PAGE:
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Six Flags Great America (SFGAm) Discussion Thread


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Didn't the park buy a whole new chasis for Batman? Seems like a lot to effort for a few months- maybe we'll see that chassis end up at another park for a Batman promotion.

 

From what I understand from the Coastercon video/announcement, SFGAm sent their original chassis to B&M for some sort of "makeover". The backwards chassis is on lease until whatever changes are made, and the original chassis is returned. The PR lady said something to the extent of; the original chassis will return with changes almost as exciting as the backwards transformation. After that I think we can expect to see the backwards chassis' rotated throughout the chain until many if not all Batmans receive the same refurbishment/makeover. Am I the only one that paid attention to the entire announcement?

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So AE has run backwards for six entire seasons and for part of a season twice?

 

Pretty much. I thought I read somewhere (or I could have been told this) that the reason AE only went backwards for part of the season was because it brought on some wear and tear not only to the tracks but the train itself. Again I could be wrong with this info. I just wish I could remember where I read or heard it.

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If, on very slow days, some rows are roped off I think that's ok. I've seen Dragon Challenge with a sparse crowd and it takes more time for the ops to buckle all the empty seats when guests are allowed to sit anywhere compared to just leaving empty seats buckled and only having to push the restraint down.

 

No, at least when I was there, it was not to help sent trains quicker... Without sounding like too big of a dork, there are two theories to theme park operation at play here... The first is always leave a line because it extends the in-park stay and doing so ups per capita guest spending, the second is run them through as quickly as possible and as many times as they want. It decreases guest spend, but theoretically ups word-of-mouth because people talk about how great it was.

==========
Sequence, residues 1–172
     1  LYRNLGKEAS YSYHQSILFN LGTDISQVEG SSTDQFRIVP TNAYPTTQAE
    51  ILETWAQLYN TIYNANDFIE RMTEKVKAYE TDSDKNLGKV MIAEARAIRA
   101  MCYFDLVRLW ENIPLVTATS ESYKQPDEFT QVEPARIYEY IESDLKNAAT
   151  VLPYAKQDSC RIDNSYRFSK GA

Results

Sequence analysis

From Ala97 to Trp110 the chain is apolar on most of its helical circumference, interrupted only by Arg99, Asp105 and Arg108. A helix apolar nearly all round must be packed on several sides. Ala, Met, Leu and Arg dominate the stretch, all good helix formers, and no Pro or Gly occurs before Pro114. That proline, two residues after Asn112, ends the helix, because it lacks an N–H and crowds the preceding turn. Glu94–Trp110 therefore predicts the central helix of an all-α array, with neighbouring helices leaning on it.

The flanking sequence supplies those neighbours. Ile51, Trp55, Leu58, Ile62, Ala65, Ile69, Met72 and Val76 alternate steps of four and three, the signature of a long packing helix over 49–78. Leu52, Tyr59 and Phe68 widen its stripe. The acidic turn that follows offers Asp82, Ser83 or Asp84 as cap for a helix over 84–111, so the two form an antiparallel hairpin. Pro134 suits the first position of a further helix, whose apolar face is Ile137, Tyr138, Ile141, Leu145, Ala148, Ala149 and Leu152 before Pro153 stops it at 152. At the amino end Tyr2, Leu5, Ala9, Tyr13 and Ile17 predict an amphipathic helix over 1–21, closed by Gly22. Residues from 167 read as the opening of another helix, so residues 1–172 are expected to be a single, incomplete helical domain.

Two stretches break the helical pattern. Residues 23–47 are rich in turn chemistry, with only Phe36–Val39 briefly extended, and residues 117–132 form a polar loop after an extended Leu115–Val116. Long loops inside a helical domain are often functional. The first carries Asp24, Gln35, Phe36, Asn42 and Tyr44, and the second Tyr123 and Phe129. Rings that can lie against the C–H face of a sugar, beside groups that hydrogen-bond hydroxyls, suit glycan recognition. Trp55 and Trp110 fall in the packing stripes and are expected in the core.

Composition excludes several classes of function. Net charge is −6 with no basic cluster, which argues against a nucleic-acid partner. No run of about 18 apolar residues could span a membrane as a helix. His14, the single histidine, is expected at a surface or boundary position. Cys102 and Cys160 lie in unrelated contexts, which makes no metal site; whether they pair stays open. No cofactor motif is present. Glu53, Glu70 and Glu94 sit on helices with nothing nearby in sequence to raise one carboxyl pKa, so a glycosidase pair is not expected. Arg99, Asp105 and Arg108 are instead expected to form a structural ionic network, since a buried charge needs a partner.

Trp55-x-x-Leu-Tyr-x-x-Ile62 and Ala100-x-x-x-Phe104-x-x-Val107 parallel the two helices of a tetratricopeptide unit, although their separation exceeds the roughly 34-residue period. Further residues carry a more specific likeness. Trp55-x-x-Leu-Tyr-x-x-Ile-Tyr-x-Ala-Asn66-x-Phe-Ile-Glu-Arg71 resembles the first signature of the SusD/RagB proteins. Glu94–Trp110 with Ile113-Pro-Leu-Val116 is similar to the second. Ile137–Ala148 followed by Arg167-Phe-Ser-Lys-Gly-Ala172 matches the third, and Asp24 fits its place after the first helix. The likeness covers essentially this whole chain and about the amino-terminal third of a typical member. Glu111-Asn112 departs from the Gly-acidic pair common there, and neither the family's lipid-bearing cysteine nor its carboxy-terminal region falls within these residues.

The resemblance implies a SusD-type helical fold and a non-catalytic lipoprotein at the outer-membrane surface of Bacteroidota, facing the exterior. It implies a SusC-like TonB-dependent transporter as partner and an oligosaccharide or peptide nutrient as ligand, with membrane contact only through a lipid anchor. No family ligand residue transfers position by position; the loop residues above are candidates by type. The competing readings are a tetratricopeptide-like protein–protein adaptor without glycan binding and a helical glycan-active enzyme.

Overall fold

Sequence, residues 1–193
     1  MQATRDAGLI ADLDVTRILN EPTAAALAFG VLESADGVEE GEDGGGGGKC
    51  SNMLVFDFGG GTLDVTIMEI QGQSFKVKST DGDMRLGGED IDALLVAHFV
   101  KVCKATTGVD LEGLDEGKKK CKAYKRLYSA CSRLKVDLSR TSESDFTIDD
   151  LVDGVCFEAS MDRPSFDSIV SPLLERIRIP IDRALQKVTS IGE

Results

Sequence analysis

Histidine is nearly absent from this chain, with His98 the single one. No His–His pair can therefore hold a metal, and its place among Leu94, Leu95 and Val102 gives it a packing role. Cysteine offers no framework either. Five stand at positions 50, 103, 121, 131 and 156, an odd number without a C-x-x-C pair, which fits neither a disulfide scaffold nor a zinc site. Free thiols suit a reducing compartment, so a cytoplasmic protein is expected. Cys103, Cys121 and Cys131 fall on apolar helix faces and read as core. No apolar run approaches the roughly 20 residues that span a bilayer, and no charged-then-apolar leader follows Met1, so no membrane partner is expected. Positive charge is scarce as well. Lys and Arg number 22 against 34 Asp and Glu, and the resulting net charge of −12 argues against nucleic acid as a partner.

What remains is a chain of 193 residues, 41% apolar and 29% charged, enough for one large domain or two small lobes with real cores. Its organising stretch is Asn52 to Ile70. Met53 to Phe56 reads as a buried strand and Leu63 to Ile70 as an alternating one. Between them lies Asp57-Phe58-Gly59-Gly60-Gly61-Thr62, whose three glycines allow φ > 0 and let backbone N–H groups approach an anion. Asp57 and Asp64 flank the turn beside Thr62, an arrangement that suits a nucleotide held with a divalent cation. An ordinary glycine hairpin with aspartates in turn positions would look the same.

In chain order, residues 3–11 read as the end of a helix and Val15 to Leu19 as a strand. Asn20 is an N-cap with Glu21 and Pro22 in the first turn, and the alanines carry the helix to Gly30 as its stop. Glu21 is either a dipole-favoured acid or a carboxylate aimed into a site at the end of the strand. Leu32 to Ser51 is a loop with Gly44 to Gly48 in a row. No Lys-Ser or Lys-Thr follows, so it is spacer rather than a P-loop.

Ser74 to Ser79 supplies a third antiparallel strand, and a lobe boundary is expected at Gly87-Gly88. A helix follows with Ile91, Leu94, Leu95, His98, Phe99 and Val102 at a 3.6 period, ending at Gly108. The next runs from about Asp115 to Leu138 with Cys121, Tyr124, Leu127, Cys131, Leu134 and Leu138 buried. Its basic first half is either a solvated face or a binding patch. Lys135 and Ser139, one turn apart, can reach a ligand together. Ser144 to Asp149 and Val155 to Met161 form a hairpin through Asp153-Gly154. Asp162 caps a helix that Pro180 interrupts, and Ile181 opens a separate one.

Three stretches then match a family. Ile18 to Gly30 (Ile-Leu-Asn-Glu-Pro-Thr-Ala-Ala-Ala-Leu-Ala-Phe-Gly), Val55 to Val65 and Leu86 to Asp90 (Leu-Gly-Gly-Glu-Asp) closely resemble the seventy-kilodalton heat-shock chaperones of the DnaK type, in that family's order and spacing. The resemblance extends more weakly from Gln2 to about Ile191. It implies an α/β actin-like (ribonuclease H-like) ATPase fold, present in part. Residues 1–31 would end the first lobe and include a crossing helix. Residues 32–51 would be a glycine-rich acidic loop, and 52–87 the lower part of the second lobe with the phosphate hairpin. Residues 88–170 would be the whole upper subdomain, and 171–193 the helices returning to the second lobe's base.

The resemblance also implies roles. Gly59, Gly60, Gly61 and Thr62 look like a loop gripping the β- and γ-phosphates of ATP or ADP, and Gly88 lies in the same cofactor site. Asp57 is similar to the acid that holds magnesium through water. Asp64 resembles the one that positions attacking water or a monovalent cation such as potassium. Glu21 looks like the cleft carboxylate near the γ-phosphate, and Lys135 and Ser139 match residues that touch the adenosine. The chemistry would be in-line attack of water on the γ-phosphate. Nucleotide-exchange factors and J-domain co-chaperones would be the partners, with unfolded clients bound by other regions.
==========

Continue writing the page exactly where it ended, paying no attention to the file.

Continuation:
The time I was at Cedar Point, they roped off 2/3rds of three different rides and made the waits about 20 minutes apiece for them. I've also been to Great America and seen them running two trains on Demon with only one person on it.

 

Neither way is wrong but I like the two trains way more. And I also have no idea if Cedar Point still does that.

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I would agree that Great America is much better than the other Six Flags parks. But still way behind Cedar Point. Multiple trains can help efficiency, but not when they are stacking for minutes and plenty of empty seats going on (including double seats...). This is all year long, not just at the start or end of the season. GAm has some great employees - they really try their best. But my main point is they don't have much to work with. The training simply is not there to begin with.

 

I've spent a lot of time at Six Flags parks, and while I have seen that sort of delay at every other one of them, I have never seen it at Great America personally. In fact, I can think of more times that I have seen perfect ops there than slow ones.